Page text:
A report into the move states that the homeopathy service has been in rapid decline over the past few years with the current levels of patient referrals being insufficient to support their own premises. In 2009/2010 there were 898 new patients seen at the hospital. This has now collapsed to 470 in the last year. The reasons given for the move appear to be somewhat confused with suggestions that it is to do with an expensive  need to improve IT services and put modern networking in the building and that the University of Bristol want their building back. What is clear is that the homeopaths hope the move with change their fortunes. 

Bristol Homeopahic Hospital has had a difficult month and have had to withdraw their outreach clinics from Cullomtpon. The clinic was held at the GP Surgery complex of Michael Dixon, champion of alternative medicine and favourite of Prince Charles.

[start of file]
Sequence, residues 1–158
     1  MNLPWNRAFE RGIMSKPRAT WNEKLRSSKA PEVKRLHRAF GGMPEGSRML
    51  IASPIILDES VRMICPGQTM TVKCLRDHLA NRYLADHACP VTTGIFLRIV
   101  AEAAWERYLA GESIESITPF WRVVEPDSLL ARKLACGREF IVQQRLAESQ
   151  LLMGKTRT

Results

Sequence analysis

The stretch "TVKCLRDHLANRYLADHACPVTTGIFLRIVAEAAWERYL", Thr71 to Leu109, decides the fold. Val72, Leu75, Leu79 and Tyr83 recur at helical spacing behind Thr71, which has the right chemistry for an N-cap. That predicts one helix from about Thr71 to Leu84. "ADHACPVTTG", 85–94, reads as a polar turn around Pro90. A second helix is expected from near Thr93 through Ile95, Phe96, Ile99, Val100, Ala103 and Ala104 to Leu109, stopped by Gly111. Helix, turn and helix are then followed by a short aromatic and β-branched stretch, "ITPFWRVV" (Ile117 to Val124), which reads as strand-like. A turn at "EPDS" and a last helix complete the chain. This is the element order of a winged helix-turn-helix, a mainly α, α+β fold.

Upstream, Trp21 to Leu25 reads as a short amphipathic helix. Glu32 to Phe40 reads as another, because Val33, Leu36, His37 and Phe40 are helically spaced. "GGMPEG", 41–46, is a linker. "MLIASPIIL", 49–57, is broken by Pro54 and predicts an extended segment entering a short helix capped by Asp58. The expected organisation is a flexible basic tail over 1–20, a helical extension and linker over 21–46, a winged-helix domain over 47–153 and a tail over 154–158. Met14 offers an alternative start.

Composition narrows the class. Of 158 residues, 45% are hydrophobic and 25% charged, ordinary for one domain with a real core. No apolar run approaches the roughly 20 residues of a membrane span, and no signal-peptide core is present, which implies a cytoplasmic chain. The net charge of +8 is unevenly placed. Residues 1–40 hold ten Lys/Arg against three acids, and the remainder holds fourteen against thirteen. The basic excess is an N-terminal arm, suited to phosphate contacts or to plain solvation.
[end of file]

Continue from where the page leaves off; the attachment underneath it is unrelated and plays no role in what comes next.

The report stresses that the proposed change of location is not a downgrade of service but just a relocation. This is not quite true. From having a dedicated building, the homeopathy service will now be sharing space, leased by the NHS from private company Bristol Infracare (LiftCo). In their own words, they are “losing their own front door”. The report also discusses the need to do structural changes to create waiting spaces in the new building with the required “calm atmosphere”. When your medicine is nothing but sugar pills, having a nice space becomes that much more important.

The closure is the last chance for supporters of homeopathy to claim the NHS provides homeopathic hospitals. Tunbridge Wells Homeopathic Hospital closed in 2008. The Royal London Homeopathic Hospital went in 2010 after it became impossible to claim that significant homeopathic services dominated the practices of the doctors. It became the Royal London Hospital for Integrated Medicine where a number of alternative medicines are practiced in one small part of a once much larger building. Liverpool Homeopathic Hospital just disappeared being replaced by an outsourced contract to a Community Interest Company. Even without this news from Bristol, it has been a struggle to claim there were NHS Homeopathy Hospitals in the UK.